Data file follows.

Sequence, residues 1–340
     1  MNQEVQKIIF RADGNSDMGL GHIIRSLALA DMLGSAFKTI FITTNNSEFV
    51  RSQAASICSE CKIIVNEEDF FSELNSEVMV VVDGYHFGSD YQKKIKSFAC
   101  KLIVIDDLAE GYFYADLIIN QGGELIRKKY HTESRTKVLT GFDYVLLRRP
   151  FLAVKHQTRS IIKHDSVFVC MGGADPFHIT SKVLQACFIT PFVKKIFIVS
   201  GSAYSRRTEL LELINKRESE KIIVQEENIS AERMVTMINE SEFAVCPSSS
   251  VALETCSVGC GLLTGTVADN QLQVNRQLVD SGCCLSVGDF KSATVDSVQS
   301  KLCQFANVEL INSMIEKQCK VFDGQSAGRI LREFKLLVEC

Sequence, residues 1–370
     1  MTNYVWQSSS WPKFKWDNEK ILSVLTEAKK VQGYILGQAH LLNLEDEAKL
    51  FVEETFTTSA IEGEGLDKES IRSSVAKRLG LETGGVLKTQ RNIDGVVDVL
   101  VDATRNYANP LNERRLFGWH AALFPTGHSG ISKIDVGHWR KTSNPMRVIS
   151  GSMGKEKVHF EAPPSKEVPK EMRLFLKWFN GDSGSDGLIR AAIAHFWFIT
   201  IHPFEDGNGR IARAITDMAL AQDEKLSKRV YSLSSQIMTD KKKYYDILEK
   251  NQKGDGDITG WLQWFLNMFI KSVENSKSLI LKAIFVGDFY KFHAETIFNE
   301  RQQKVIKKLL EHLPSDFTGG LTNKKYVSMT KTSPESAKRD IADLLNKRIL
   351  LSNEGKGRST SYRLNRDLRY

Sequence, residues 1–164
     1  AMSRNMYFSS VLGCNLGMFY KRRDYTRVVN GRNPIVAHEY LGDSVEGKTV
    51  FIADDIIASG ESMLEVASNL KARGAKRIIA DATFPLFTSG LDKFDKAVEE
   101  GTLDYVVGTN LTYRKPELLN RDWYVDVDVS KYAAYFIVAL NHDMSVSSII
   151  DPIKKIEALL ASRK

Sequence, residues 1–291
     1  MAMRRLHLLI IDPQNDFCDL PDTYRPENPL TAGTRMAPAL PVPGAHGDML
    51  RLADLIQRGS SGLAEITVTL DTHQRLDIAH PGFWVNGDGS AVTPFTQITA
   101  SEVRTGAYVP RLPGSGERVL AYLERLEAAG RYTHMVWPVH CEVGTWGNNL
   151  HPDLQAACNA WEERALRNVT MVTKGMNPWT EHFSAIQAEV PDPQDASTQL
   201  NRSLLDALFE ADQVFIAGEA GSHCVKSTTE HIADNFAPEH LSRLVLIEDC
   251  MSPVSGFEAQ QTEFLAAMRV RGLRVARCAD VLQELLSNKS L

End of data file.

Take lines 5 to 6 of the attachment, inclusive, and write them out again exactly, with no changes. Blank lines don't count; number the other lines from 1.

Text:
   151  FLAVKHQTRS IIKHDSVFVC MGGADPFHIT SKVLQACFIT PFVKKIFIVS
   201  GSAYSRRTEL LELINKRESE KIIVQEENIS AERMVTMINE SEFAVCPSSS